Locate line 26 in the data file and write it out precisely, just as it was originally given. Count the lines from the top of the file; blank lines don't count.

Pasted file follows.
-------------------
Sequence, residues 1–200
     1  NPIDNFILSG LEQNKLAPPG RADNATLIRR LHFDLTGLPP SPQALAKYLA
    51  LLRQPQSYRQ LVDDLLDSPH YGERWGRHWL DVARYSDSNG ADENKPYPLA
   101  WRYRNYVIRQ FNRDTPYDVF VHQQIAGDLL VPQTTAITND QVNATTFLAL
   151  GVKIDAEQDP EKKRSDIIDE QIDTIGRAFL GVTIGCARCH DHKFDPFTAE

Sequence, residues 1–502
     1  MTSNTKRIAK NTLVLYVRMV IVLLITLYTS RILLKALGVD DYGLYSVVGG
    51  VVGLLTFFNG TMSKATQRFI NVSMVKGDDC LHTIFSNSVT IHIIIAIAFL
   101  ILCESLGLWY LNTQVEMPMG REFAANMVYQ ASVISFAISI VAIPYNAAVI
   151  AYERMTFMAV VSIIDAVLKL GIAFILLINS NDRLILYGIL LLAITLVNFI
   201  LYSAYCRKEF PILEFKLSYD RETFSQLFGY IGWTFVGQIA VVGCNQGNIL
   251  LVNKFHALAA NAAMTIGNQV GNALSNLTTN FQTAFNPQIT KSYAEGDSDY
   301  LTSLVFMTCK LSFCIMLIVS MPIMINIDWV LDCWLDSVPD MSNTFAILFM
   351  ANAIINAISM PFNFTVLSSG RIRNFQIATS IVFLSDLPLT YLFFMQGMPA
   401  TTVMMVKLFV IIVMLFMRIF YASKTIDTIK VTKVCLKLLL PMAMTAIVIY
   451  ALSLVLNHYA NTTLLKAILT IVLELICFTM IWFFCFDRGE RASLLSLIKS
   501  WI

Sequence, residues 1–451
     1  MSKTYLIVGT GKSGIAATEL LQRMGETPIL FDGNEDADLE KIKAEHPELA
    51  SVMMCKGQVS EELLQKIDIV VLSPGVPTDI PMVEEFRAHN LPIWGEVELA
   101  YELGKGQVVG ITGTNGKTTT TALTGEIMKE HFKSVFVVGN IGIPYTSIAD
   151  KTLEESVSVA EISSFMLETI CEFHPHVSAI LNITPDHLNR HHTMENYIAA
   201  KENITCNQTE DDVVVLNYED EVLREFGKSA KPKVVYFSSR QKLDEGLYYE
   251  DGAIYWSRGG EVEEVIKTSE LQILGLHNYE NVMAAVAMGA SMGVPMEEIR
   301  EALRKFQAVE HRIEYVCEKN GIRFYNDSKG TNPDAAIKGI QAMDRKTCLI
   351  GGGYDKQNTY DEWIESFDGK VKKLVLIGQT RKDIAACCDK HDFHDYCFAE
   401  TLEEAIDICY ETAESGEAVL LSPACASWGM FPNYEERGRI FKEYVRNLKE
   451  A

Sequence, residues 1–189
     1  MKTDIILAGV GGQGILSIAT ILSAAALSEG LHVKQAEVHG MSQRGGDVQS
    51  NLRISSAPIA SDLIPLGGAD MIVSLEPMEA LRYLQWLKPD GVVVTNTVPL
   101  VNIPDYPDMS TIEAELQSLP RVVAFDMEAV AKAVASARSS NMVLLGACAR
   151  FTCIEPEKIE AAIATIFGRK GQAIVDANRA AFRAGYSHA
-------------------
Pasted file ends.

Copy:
   351  GGGYDKQNTY DEWIESFDGK VKKLVLIGQT RKDIAACCDK HDFHDYCFAE